Drewry’s newly released annual report on the global container terminal industry has found that the strategies of the major shipping lines regarding terminal ownership are varied.
Much has been said and written about the financial challenges facing most major shipping lines, and a number of them have been selling some of their container terminal assets in order to raise cash.
Drewry’s latest publication ‘Global Container Terminal Operators Annual Report 2015’ looks at the activities of the 16 carriers that make up the big-four global alliances (2M, Ocean Three, G6 and CKYHE).
2M currently has the largest stake in terminals worldwide, with the total amount of terminals at 80, with its TEU ownership at a total of 50 million.
Drewry believe that assessing their strategies with regard to terminal ownership is complex due to the varying approaches each has. For example, Maersk Line has no terminal interests as all activity of this nature is carried out by sister company APMT, operating at arm’s length.
Terminals are generally attractive assets and so have great value in terms of raising money in the short term if sold off. Yet at the same time, owning terminals may well be a profitable part of a line’s activities and so a good business to stay in for the long term – and perhaps expand further into.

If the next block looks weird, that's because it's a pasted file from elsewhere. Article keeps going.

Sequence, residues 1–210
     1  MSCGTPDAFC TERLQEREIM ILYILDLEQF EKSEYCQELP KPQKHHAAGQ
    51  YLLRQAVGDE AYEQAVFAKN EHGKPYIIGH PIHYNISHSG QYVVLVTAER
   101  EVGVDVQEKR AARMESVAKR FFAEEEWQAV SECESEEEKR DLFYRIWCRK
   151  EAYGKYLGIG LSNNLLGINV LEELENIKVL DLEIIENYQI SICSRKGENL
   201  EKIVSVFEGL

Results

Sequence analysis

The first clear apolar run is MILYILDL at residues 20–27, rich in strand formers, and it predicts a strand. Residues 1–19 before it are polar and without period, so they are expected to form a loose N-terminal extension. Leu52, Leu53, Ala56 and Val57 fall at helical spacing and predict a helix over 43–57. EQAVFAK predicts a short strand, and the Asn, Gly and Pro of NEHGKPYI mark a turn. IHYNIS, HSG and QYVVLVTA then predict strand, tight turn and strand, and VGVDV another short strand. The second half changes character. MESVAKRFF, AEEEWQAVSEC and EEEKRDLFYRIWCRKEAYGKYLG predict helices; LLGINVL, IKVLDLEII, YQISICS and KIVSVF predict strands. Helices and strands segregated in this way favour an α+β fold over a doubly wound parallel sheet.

There is also the fact that terminals often provide access to port capacity in key locations in a line’s network, and so are strategically important assets (even if only run as a cost centre rather than a profit centre).
Five carriers have so far followed the predicted route and engaged purely in the disposal of some of their terminal assets, or stakes in those assets: Hanjin, Yang Ming, K Line, Hyundai and MOL.
Three have sold stakes in terminal assets but at the same time are also still making terminal acquisitions (“Selling and buying”: TIL/MSC, CMA CGM and NYK). In the case of TIL/MSC and CMA CGM, minority stakes in their existing portfolios have been sold, but the overall strategy remains to continue investment in the terminal sector – using terminal companies that have separate identities to their shipping line parents and a degree of independence.
Cosco Group and China Shipping have purchased more stakes in container terminals, which, given their respective financial pressures, might have been expected to sell some of their terminal assets.
If merged, Drewry believe the combined equity-adjusted throughput of their terminals would make them the fifth largest international terminal operator (based on 2014 figures in the Global Container Terminal Operators Annual Report 2015).
Drewry View: Carriers face a dilemma with their container terminal ownership strategy: whether to sell, to buy, to do both – or do nothing? Given the ongoing financial pressures in the liner industry, further change in carriers’ terminal portfolio ownership seems inevitable, but it may not necessarily be a case of simply selling off the family silver.